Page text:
Meanwhile, small press Iron Circus founder C. Spike Trotman describes the company’s new erotica imprint Smut Peddler Presents as “an umbrella brand for what we are probably best known for: sex-positive smut.” That line debuts in May with the tantalizing anthology Smut Peddler Presents: Silver


Superheroic adventure continues to be a rich area for creators to explore. Hoopla’s Barry notes that “traditional superhero stories aren’t going anywhere, [but] we’re beginning to see more of a balance...[with] the rise in niche titles, backed by diverse voices.” This month, best-selling comics writer Jonathan Hickman and talented artist Leinil Francis Yu turn the world of mutantkind on its head with their new X-Men, Vol. 1 (­Marvel), marking a new mission for the team. 

With the literary mashup Adler (Titan Comics, Aug.), author Lavie Tidhar and illustrator Paul McCaffrey revel in the steampunk period of Victoriana, pairing Sherlockian adventuress Irene Adler with a former governess named Jane. Together they foil a plot involving supervillains, immortal queens, and a rogue vampire. Writer Devin Grayson and artist Alitha E. Martinez introduce a new superhero universe with Omni, Vol 1: The Doctor Is In (Humanoids, Apr.), starring a physician who can think faster than the speed of light and identify other specially ­powered people. With COPRA Round Six (Image, May), cartoonist Michel Fiffe continues his originally self-published, pop-art, reality-bending love letter to 1990s-era grim heroics. A remastered edition of The Breathtaker Collection (Titan Comics, Jul.), from author Mark Wheatley and artist Marc Hempel, replete with a new story by the original creators, deconstructs and rebuilds the world of four-color fantasies with a tale of a woman whose innocent acts of love drain the life force of those she is closest to, even as she’s pursued by government-sponsored superhero The Man. Celebrated comics scribe Paul Levitz and artist M.J. Kim mix superheroics with a murder mystery in The Visitor (Valiant, Jul.), as a treacherous villain runs amok committing acts of terror. Of Valiant Comics’s new releases, John Petrie, senior sales manager, says, “Human characters might be the scariest monsters of all...the aim is to cover different genres so as to provide a great book for every type of reader.”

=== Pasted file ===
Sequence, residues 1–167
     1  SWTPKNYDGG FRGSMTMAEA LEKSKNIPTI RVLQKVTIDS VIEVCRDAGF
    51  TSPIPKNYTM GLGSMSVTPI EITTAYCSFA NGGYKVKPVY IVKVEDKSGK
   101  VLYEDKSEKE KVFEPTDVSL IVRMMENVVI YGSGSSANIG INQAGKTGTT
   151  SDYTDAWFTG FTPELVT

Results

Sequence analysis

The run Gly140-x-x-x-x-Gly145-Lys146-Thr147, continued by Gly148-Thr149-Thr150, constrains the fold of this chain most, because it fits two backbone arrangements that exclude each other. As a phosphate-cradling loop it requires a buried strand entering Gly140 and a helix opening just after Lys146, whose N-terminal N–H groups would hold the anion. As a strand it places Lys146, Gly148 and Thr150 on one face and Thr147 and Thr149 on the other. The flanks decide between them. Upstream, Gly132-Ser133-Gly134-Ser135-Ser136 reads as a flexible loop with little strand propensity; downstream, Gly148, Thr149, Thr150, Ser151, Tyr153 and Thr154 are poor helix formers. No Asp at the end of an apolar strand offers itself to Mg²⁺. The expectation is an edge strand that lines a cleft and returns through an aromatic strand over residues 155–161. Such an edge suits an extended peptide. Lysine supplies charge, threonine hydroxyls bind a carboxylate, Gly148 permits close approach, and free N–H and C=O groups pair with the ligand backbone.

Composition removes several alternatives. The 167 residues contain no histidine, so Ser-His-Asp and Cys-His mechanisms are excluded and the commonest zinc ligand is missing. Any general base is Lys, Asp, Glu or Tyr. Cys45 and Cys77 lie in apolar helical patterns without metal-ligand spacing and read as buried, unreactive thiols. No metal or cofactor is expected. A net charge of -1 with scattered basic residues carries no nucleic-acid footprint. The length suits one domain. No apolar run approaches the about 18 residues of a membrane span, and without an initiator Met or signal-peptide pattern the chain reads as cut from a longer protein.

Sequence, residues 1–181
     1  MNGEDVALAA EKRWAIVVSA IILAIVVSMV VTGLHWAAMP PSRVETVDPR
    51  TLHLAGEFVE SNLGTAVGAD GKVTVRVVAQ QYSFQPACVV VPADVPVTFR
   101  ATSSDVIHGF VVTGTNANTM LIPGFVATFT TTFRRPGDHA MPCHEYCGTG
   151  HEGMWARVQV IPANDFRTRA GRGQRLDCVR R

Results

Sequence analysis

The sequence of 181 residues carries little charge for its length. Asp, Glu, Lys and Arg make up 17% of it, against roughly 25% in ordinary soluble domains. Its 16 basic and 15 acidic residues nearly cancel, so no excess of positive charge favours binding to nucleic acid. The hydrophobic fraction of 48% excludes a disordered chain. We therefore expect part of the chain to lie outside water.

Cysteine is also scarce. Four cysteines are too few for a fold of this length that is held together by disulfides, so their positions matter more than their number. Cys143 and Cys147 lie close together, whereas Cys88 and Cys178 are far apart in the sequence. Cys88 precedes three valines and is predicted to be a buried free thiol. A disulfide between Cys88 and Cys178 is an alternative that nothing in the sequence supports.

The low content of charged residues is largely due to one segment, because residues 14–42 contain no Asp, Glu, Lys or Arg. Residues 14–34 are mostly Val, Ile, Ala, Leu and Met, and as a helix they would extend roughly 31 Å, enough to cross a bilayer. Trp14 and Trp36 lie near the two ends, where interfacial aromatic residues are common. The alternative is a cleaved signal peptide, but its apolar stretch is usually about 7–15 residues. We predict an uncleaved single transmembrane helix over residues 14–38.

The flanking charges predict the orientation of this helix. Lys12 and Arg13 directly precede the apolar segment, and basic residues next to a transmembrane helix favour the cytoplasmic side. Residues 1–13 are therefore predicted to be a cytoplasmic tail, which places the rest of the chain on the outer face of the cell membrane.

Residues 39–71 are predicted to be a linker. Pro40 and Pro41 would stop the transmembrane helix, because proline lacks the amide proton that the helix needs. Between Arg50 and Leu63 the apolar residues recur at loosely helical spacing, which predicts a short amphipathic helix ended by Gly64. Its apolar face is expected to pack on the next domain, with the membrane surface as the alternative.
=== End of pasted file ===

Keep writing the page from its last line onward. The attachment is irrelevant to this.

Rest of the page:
Biography and memoir can be pure magic in the graphic format; as Singh from BOOM! remarks, “the most powerful stories—in any medium—act both as a mirror for humanity and the world outside our window.” Casting its own spell with a singular placement of comic panels to imply rhythm and tell his subject’s life story, Eisner-nominated cartoonist Scott Chantler’s Bix (Gallery 13: S. & S., May; see author Q&A) presents a nearly wordless biography of tragic early jazz phenom Bix Beiderbecke. In the whimsically drawn Dancing After Ten (Fantagraphics, May), creators Vivian Chong and Georgia Webber open up Chong’s own artistic journey of using dance, sound, and movement when a rare illness robbed her of sight. Cartoonist Mike Hawthorne’s Happiness Will Follow (Archaia: BOOM!, Jul.) offers a provocative story of how a Santeria death curse eventually led him from Puerto Rico and into the world of professional comic art. In I­nvisible ­Differences: A Story of Asperger’s, Adulting, and ­Living a Life in Full Color (Oni, Aug.), French activist Julie Dachez teams with ­writer/artist Mademoiselle Caroline to relate coming to terms with her own ­Asperger’s diagnosis. Life and death are the fuel for creator Leslie Stein’s I Know You Rider (D&Q, May), in which talks with the author’s family and other parents help her process the tumult of her thoughts about abortion. With The Winter of the Cartoonist (­Fantagraphics, May; LJ 2/20), esteemed Spanish creator Paco Roca delivers a masterly true tale of the cartoonists of Spain’s Editorial Bruguera who, after the devastating 1930s Spanish Civil War, dared to create original work of their own.